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Mom will start chemo


jmills

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My mom is scheduled to start chemo on Thursday morning. She has an appointment to meet with the dr at the cancer clinic tomorrow. Last week she had a bone scan, CT scan, and heart test. We still don't know the type of cancer or staging, hopefully we will get more answers tomorrow. I am staying at mom & dad's now for the month, wow it sure feels better to be here than thousands of miles away worrying. She seems good, other than terrible coughing spells. Are the coughing spells normal for everyone with lung cancer? She is still smoking and refuses to consider quitting, at this stage she feels it is too late, and wants to enjoy the rest of her life her way - can't really argue with that. Do most people get sick the first time they get chemo? Does hair falling out start right away?

Thank you all for the support offered on this site!

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Hi jmills,

I'm so happy for you that you can be there with your mom right now. I'm sure that feels good for both of you.

As far as how chemo will affect your mom - everyone is different. However, I can say my mom has finished round 2 and has had no nausea. A few days of diarhea and fatigue have been her main side effects. Her hair did start to fall out on week 3 (she chose to shave it) which is exactly when the onc's said it would, based on her treatment. But again, everyone is different. I've also read staying hydrated during chemo is very important.

Please keep us posted on how things are going for you and your mom.

Nicole

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Not all chemos cause hair loss. I lost mine on Carbo & Taxol, but didn't on cisplatin and Gemzar. If it does, I think it happens about 2 weeks after the first treatment. If she is going to have a wig, it would be a good idea to get it before then. There are nice hats and scarves, too. Some people do a lot of coughing, others don't. Good that you can be there with her.

Muriel

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My mom does go through coughing spells also. But yeah everyone is different. My mom has been going through treatment since October and has not lost her hair. As far as the smoking thing my mom quit at diagnosis but still says she misses a cigarette even though she knows it probably contributed to her disease. Best of luck to your mom and you and glad to hear you can be with your mom now.

Marci

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How wonderful that you get to spend a month with your mom.

My mom had years of coughing spells before her dx.--I think that is a common symptom of lc. (unfortunately it was ignored for too long...) After surgery they basically went away.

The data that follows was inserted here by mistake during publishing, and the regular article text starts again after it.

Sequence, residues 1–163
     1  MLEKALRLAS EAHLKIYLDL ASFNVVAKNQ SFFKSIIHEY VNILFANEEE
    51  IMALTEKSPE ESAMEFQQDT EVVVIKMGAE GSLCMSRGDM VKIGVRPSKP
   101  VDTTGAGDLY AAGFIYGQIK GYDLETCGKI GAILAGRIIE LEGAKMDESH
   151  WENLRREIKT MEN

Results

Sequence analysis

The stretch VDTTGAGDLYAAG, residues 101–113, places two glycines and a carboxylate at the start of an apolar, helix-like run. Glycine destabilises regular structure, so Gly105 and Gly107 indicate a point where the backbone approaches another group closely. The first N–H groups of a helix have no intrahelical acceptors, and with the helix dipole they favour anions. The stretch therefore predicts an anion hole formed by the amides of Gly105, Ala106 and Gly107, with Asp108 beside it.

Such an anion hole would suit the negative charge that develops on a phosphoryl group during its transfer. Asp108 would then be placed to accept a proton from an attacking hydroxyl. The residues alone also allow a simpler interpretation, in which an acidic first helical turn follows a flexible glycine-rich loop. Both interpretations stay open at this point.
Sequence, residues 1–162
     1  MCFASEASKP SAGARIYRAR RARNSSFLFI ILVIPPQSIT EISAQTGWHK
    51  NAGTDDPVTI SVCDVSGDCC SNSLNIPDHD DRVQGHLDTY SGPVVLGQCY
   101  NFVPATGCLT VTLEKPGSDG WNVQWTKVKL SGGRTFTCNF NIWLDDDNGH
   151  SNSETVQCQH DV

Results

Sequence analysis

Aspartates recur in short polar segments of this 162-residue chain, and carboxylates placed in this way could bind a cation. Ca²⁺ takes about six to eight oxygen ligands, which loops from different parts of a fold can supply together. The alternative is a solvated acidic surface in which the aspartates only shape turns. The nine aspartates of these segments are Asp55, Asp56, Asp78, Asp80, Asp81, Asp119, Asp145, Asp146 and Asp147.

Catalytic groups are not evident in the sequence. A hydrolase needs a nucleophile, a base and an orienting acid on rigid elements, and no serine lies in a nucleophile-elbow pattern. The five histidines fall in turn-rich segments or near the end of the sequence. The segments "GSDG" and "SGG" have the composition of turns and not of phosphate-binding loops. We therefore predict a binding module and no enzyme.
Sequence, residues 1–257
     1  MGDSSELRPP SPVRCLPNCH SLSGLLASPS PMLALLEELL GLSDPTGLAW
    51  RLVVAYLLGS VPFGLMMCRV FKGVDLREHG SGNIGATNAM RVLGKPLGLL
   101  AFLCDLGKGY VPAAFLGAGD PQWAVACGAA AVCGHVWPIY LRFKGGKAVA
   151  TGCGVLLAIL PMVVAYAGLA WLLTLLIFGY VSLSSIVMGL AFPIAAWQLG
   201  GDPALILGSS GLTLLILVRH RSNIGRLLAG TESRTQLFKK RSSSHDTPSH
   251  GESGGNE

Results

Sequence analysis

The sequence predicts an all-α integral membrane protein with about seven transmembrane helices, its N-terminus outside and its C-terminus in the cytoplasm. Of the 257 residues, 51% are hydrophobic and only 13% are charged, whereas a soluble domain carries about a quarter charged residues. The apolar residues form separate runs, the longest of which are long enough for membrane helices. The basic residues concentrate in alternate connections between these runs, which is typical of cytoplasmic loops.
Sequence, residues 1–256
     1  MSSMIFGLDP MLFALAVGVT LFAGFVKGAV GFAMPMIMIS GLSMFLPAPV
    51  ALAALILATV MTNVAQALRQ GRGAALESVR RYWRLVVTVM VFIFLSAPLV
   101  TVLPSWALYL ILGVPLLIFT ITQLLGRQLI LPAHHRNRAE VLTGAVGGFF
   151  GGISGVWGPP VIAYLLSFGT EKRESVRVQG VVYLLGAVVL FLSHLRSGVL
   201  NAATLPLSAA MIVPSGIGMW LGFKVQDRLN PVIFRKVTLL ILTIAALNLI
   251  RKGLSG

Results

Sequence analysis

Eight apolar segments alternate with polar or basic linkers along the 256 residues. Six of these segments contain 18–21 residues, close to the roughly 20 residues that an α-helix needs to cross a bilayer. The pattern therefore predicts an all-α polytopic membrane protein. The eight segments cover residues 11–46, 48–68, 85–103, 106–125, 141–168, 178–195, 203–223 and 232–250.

My mom had already lost her hair from whole brain radiation before her chemo started so I can't help you there.

I wish you strength as you embark on the scary journey of cancer treatments with your mom. She's lucky to have you.

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I smoked for over 30 years and had my last 1 on the hospital steps before I went in for a lobectomy. The spot on my lung was superficial and did not enter the lining. The quitting was alot easier than I had anticipated but you certainly need to have the desire.

It is great that you can spend the time there for emotional support.

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jmills-

I am glad you are with her now. I went through this with my Mom too. She had two sessions of chemo, each three days in a row. After each one she got very sick for one reason or another. She ended up in the hospital with a urinary tract infection once and a very high fever the next time. She decided that was enough. The Onc. said that was OK but we'd keep an eye on her cell counts through blood work. Her last treatment was in mid-July. Mid Sept, her blood work was great, very good results.

She died six weeks later on 1st of November. When this disease takes off it happens very fast.

Make each moment count.

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Hi jmills,

Wonderful that you get to spend the month with your Mom! My husband struggled with a bad cough quite a bit, but I think it was after his chest radiation. From my reading here, seems like that symptom varies from person to person.

My husband was a long-time smoker. Initially, he cut back and considered quitting, but I really think that added more stress at a time when he needed less stress. So, he continued to smoke throughout his treatments, which for him, was probably the best choice. Again, people have different thoughts in this area, but supporting and loving her is the best medicine you can give her.

Take care of yourself,

Lynne

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